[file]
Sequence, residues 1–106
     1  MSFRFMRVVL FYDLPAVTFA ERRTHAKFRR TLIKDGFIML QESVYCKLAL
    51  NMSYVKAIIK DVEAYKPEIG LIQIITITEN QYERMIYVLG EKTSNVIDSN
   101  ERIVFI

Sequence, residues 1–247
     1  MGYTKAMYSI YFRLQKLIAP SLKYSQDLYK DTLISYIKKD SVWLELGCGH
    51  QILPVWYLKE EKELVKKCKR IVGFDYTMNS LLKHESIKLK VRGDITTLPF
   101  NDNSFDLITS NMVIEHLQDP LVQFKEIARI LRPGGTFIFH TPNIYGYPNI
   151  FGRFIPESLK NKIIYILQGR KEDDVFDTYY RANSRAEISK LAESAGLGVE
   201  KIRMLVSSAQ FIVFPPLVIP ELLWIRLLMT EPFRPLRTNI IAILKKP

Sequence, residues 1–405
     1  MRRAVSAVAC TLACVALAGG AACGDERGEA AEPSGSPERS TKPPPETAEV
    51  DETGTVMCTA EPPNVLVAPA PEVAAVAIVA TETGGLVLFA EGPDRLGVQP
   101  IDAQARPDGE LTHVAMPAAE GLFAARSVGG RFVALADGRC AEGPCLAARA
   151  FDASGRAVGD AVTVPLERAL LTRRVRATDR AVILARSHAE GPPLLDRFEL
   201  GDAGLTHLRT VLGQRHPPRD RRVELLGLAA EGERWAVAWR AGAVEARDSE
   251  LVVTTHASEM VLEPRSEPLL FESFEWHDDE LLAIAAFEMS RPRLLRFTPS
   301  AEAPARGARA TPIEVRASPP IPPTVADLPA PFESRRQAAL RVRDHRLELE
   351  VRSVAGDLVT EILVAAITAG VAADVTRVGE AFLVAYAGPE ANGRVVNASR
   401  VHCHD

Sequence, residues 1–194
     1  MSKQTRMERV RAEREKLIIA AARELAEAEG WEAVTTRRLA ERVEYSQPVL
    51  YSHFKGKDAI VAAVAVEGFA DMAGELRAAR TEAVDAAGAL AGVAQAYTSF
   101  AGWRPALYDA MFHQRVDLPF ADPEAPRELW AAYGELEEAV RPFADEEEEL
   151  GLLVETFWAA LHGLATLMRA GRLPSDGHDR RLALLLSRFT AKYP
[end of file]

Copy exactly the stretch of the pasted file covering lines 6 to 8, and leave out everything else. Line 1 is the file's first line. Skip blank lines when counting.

     1  MGYTKAMYSI YFRLQKLIAP SLKYSQDLYK DTLISYIKKD SVWLELGCGH
    51  QILPVWYLKE EKELVKKCKR IVGFDYTMNS LLKHESIKLK VRGDITTLPF
   101  NDNSFDLITS NMVIEHLQDP LVQFKEIARI LRPGGTFIFH TPNIYGYPNI